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Member since May 2011 · 2485 posts · Location: Brisbane
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Subject: Iron Storm, Daisenryaku and Nectaris
Kendrick has Posted about Iron Storm, the US-released version of one of the Sega Saturn installations of Daisenryaku.  Daisenryaku is a turn-based hexagon simulator featuring largely accurate stats for WWII-era vehicles and weaponry.  It's a loooong running series in Japan

Sadly, I couldn't comment on Kendrick's post, so I'm talking a bit about it here instead.

[Image: /grafx/throwaway/Iron%20Storm.png]

Iron Storm is a game I used to own, and wanted so very much to enjoy, but simply couldn't.  Despite Working Designs' exceptional treatment of the US translation, the game itself was aimed at an audience I didn't belong to: hard-core sim fetishists.  The game was a very dry affair, consisting solely of tedious unit movement and ugly polygon battle scenes for every clash.  It was slow and cumbersome, despite all the fixes and tweaks Working Designs applied. 

Iron Storm's ultimate failure, however, was that it wasn't Nectaris.

[Image: /grafx/throwaway/Nectaris%20Logo.png]

Nectaris offered two features that no other hex-sim did: Zone of Control (ZOC), the Surround Effect and the Support Effect. 

ZOC, put simply, allowed a unit to effect a limited amount of control over adjacent hexes, preventing an enemy unit from moving out of a hex it entered the same turn.  The Surround Effect decreased an enemy unit's defense as it was more throroughly surrounded.  By boxing in a bad guy his armour was halved.  Finally, the Support Effect would boost your offensive power by having friendly units adjacent to you during a fight.  It was the combination of these three things that provided the depth to Nectaris, and this is where other games fall flat: their strategy comes from mind-numbing stats and rock/paper/scissors-style unit superiority. 

Nectaris only had a handful of stats per unit, but even the weakest infantry unit could inflict massive damage with 100% Surround Bonus and a little Support Bonus from friendly units.  Iron Storm, sad to say, offered none of this strategy.  While there are those who like the number crunching slog through World War battles, I prefer the fantastic moon-based fights of Nectaris.

NFGgames guide to Nectaris
free Windows version of Nectaris
BLEARGH
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Member since Oct 2007 · 316 posts
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All the Daisenryaku games are stark and dry like that, at least the ones I've played. You do need to have a sort of obsessive curiosity to play, the kind that would sit for 72 hours and want to know what would happen if the assault on Omaha Beach had started fifteen minutes earlier. I'm still kicking myself for not knowing that Iron Storm was a Daiseryaku game, given how much I enjoy turn-based strategy.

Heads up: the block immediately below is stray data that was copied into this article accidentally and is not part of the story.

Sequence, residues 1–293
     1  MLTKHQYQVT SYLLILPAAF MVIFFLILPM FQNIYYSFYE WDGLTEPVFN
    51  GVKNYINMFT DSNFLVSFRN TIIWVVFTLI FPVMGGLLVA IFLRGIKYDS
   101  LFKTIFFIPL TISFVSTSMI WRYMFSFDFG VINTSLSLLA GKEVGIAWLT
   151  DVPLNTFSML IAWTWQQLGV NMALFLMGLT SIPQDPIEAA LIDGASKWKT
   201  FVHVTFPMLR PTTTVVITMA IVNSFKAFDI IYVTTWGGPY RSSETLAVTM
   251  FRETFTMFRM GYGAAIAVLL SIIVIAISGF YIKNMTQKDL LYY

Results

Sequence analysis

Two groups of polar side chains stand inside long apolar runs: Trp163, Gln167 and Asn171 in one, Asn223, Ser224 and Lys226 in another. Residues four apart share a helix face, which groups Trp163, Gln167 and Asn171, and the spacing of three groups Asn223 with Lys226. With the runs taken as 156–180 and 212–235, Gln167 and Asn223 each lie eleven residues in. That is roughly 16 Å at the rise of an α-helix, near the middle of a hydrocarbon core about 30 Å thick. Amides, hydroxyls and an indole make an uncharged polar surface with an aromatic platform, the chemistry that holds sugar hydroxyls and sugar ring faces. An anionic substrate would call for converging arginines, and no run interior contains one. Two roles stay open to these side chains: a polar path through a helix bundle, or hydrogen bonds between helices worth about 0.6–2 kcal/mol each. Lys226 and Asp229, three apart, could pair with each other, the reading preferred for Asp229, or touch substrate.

Oh yeah, not all the Daisenryaku games are spartan affairs. There's Moe Moe 2-Ji Daisen, which I imagine would find a warm home in anybody's game library:

[Image: http://www.prismnet.com/~kkc/img/moedaisen.jpg]

Sorry about not having blog commenting turned on. I run Blosxom on my own, and I didn't feel like having to implement a database on my ISP's server.
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Member since May 2011 · 2485 posts · Location: Brisbane
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OK now, see, the kind of game you linked a screenshot for is the kind of game I want to play lots and lots of.  =D
BLEARGH
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I forgot to mention in my previous post that Daisenryaku VII does feature support bonuses and field effects. Two slightly different versions of this game were released in the west, one on the original Xbox, the other on PS2. But if you didn't like the graphics in Iron Storm, you'll hate D7, which didn't even bother with simulating combat and just displayed a bunch of static units on screen (sitting on an isometric hexagon, of all things) launching tiny pixels at each other. No rolling tanks, no kneeling infantry, no swooping airplanes. D7 does allow you to set both sides of a campaign to CPU control, which is nice if you just want to sit and watch a battle unfold. I do that with American football games a lot.
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